A popular Georgian talk-show host’s elaborate, obscene diatribe on live TV against Russian President Vladimir Putin sparked a national furor and fears of retaliation from Moscow, as well as worries about an overreaction from the Georgian government itself.
Nobody is quite sure what got into Giorgi Gabunia, a prime-time talk-show host at Rustavi2 news network, on the evening of July 7. It was clear that he was up to something when he began his widely watched show, Postscript, speaking in Russian and starting out by sending greetings to Putin, perhaps the most hated man in Georgia. “Vovochka, you street scum, you piece of dog----,” he continued, quickly escalating toward more and more filthy and elaborate forms of the sexual, scatological, and insulting profanity in which the Russian language is so rich.
Gabunia delivered his screed in an oddly calm tone, reading from a laptop screen, and when he was finished proceeded on to the main news of the day in a business-as-usual manner.
But jaws had already dropped in front of TV screens across Georgia.
Many viewers took to Facebook to ask that if what they just saw and heard was real. Some were outraged by the foul language, others condemned Rustavi2 for trying to poke Russia. The channel’s management quickly apologized for what it called a violation of the station’s ethical standards, but most critics remained convinced that the controversial broadcast had the management’s imprimatur.
Rustavi2, in fact, has had a cursing problem for a while. The station’s director, Nika Gvaramia, has sworn in live broadcasts more than once, but Gabunia took the cursing to an entirely new level.
An angry crowd gathered to protest at Rustavi2’s headquarters in Tbilisi later in the evening. The Georgian government, in the meantime, appeared to have sensed an opportunity to get back at the station known for its unrelenting criticism of the current authorities. Top officials from President Salome Zourabichvili to Tbilisi Mayor Kakha Kaladze condemned Gabunia’s escapade as an attack on national security. “It is unacceptable to leave a provocation of such scale, even if camouflaged as an act of patriotism, without the strictest response,” Kaladze wrote on his Facebook page, describing Gabunia as an “enemy of the state.”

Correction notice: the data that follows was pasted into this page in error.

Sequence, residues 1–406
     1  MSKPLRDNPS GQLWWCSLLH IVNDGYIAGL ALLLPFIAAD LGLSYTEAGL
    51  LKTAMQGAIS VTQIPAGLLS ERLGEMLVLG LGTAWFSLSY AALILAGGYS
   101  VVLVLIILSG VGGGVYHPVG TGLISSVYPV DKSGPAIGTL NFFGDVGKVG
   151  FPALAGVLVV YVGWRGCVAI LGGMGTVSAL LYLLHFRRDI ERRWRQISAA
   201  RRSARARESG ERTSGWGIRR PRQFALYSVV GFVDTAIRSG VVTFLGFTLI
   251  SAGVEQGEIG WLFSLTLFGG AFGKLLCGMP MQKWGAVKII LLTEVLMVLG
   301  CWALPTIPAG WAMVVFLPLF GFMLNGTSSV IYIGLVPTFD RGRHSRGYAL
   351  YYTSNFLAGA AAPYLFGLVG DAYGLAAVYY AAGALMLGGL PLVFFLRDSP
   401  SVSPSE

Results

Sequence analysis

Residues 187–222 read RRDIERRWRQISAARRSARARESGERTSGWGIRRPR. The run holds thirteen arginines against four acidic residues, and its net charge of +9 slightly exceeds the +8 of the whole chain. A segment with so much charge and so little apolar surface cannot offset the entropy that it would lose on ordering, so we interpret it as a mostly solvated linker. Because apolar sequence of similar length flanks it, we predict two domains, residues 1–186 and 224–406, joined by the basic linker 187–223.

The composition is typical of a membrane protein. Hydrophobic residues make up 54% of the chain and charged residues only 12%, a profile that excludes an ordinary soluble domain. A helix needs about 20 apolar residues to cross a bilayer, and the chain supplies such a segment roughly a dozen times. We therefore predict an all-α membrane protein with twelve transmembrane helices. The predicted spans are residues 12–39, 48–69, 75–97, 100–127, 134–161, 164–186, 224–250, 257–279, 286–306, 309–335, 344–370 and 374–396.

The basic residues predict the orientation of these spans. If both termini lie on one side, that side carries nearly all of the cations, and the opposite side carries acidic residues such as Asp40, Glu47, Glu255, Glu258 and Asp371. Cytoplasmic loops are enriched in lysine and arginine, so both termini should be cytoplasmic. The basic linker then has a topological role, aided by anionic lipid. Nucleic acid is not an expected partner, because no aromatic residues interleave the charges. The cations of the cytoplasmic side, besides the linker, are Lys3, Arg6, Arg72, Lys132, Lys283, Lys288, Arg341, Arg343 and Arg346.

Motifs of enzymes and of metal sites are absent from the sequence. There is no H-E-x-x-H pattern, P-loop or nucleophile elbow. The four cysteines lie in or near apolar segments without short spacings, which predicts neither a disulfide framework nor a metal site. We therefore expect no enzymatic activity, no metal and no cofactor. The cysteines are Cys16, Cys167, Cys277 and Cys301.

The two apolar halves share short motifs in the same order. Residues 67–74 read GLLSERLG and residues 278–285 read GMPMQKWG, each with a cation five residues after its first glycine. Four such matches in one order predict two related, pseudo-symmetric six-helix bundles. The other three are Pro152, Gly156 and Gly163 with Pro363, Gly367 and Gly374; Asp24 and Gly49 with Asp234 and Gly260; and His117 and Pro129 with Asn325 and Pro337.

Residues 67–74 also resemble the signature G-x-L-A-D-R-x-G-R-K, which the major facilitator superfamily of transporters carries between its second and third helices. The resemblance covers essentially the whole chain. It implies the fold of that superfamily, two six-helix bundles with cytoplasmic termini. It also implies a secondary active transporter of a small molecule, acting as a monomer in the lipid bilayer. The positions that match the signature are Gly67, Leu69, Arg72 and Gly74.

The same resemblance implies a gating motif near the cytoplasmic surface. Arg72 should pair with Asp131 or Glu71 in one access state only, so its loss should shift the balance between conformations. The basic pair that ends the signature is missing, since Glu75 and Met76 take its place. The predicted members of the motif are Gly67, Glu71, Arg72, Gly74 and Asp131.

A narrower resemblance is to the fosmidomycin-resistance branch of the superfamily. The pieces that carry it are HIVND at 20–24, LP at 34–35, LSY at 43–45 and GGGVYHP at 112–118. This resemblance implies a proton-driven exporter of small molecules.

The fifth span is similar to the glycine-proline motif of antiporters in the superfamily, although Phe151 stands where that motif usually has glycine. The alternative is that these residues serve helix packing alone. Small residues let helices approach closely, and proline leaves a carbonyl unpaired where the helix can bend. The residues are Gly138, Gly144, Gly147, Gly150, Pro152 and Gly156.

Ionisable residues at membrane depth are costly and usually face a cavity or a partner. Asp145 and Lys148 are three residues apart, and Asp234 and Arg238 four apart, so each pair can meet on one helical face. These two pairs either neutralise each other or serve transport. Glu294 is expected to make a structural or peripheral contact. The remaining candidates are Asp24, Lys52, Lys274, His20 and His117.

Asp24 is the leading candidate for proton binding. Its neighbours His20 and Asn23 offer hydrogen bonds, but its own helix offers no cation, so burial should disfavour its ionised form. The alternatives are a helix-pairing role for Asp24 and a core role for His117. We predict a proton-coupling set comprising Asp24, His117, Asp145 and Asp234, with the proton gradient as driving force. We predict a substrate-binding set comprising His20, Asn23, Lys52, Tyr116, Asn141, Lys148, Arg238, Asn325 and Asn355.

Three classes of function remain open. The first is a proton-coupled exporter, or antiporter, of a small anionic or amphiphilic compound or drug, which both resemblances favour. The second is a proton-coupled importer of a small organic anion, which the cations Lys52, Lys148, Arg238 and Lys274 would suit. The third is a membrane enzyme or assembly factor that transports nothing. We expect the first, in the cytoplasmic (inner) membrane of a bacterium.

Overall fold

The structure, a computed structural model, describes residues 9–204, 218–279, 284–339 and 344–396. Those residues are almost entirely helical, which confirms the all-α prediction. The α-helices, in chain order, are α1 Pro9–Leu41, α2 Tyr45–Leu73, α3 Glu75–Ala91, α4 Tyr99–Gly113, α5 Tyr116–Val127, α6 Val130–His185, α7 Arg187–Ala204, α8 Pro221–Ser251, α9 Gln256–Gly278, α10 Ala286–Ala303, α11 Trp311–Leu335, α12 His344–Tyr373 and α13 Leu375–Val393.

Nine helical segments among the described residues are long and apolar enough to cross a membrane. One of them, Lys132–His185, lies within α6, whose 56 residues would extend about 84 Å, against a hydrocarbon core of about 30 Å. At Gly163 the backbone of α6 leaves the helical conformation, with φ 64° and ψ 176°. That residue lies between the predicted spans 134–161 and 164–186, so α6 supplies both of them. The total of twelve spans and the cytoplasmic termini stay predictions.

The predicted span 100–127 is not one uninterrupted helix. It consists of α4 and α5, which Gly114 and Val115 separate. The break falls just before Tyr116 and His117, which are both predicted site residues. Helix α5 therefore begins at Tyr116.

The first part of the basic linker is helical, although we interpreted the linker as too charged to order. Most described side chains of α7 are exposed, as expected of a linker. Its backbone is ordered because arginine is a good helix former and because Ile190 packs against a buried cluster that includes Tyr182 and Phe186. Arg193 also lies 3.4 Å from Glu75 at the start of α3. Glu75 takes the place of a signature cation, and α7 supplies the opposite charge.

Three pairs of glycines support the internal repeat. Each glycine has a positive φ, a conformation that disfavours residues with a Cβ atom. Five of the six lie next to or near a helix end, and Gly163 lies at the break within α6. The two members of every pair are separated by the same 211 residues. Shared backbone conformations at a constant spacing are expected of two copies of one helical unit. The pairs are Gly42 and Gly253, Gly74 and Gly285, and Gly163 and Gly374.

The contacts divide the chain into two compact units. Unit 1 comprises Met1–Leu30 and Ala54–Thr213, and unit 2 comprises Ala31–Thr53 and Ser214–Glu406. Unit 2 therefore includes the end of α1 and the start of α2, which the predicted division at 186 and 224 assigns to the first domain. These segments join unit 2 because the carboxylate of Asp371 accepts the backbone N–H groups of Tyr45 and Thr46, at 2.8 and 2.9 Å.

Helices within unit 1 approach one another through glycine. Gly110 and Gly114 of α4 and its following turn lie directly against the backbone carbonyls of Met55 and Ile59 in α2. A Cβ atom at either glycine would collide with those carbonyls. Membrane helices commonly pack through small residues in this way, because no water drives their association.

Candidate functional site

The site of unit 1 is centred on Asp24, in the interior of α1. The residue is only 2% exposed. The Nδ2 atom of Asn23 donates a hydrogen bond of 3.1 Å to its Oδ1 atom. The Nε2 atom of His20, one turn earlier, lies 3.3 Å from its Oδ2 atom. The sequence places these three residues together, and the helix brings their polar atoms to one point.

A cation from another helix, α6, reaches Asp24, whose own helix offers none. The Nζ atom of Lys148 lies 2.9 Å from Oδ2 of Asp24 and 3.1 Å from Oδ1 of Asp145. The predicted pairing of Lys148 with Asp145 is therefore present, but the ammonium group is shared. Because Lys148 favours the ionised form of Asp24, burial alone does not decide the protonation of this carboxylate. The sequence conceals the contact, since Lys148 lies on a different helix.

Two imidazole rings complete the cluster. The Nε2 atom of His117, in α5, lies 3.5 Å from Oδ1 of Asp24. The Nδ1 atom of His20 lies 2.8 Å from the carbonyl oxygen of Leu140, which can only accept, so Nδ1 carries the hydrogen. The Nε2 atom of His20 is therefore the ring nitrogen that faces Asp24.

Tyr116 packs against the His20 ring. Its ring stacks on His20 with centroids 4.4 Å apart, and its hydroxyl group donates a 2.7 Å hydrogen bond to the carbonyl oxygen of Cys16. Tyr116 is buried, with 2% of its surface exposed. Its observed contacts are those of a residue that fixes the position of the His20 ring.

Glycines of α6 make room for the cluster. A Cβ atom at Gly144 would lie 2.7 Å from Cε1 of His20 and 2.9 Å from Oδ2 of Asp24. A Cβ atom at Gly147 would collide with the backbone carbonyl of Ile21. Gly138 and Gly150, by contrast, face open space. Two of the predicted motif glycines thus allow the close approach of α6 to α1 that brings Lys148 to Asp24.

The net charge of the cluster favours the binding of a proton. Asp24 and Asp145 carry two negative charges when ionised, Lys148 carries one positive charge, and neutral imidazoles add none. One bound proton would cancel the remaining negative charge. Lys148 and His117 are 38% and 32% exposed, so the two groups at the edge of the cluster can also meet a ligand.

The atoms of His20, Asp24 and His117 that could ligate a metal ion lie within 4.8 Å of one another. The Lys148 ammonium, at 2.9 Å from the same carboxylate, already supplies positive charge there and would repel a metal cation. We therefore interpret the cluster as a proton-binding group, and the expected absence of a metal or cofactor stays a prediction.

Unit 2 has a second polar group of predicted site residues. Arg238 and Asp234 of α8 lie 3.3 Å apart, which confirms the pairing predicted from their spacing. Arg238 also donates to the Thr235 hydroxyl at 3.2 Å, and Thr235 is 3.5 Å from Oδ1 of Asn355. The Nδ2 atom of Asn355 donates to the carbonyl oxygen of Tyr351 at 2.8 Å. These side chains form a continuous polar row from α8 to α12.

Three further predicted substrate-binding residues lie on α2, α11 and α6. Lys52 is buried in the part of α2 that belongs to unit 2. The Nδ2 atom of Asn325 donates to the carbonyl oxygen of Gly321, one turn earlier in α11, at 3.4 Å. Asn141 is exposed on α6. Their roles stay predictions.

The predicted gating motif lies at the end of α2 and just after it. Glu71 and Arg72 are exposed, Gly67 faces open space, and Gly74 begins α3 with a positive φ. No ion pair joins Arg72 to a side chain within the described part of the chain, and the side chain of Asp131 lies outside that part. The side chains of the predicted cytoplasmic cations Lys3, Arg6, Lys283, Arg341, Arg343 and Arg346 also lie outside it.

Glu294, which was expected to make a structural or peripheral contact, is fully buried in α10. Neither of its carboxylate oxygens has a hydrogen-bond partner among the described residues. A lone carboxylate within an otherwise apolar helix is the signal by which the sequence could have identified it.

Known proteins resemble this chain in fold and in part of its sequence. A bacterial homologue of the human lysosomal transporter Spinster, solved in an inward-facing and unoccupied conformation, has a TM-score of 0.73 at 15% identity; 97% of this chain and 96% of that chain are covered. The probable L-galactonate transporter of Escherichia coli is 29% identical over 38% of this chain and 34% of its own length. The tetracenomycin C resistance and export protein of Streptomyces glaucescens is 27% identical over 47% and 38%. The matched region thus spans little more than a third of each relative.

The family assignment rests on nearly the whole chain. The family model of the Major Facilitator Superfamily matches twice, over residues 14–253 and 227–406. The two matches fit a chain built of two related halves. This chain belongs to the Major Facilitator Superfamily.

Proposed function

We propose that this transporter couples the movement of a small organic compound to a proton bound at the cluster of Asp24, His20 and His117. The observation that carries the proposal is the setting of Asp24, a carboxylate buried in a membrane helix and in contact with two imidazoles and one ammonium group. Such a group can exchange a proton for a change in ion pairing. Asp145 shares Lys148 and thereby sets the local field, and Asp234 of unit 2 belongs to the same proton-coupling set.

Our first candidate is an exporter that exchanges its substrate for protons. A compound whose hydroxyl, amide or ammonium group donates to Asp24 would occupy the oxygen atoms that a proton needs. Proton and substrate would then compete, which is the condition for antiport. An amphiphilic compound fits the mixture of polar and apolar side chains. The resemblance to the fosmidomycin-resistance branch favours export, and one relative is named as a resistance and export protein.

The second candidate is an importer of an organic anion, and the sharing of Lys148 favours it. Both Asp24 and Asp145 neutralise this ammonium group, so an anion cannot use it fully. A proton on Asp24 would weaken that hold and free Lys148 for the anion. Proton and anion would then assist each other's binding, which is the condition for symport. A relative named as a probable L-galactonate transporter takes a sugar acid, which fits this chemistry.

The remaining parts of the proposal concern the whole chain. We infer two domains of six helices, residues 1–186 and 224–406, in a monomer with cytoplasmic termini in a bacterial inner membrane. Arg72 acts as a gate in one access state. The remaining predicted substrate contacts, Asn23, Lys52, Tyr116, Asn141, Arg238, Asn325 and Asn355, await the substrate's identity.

The government’s response left much of the nation divided on which was the bigger problem: a television channel stooping to an unprecedentedly low point of journalism or the government’s threats against a television channel. Media rights advocate Zviad Koridze said that Gabunia’s obscene behavior should be handled internally and that the government has no business threatening free speech, obscene as it may be.
“The government should once and for all remove from its political rhetoric the talk about measures against freedom of expression,” Koridze said in a statement for the news website Netgazeti. “The more we say things like ‘Rustavi2 must be closed’ and ‘Gabunia should not be allowed on the air,’ the more we will become similar to undemocratic countries, like Russia itself.”
Georgian-Russian relations have hit a new low in the past month, following a scandalous appearance by Russian lawmakers in the Georgian parliament. Now Gabunia’s jeremiad has further ruffled feathers in Moscow.
“We categorically condemn the unprecedently base stunt with unacceptable attacks, in foul language, against the Russian leadership,” the Russian Foreign Ministry said in a statement. “This egregious incident is a vivid testimony to where wanton Russophobia leads.”
Some Russians, however, appeared more accommodating. “The Georgian TV host said on the air what half of Russians say when they go to a store or pay utilities,” one Russian Facebook user said in comments under the Moscow radio station Ekho Moskvy’s story on the episode.
On July 8, Rustavi 2 announced that Gabunia would be suspended for two months.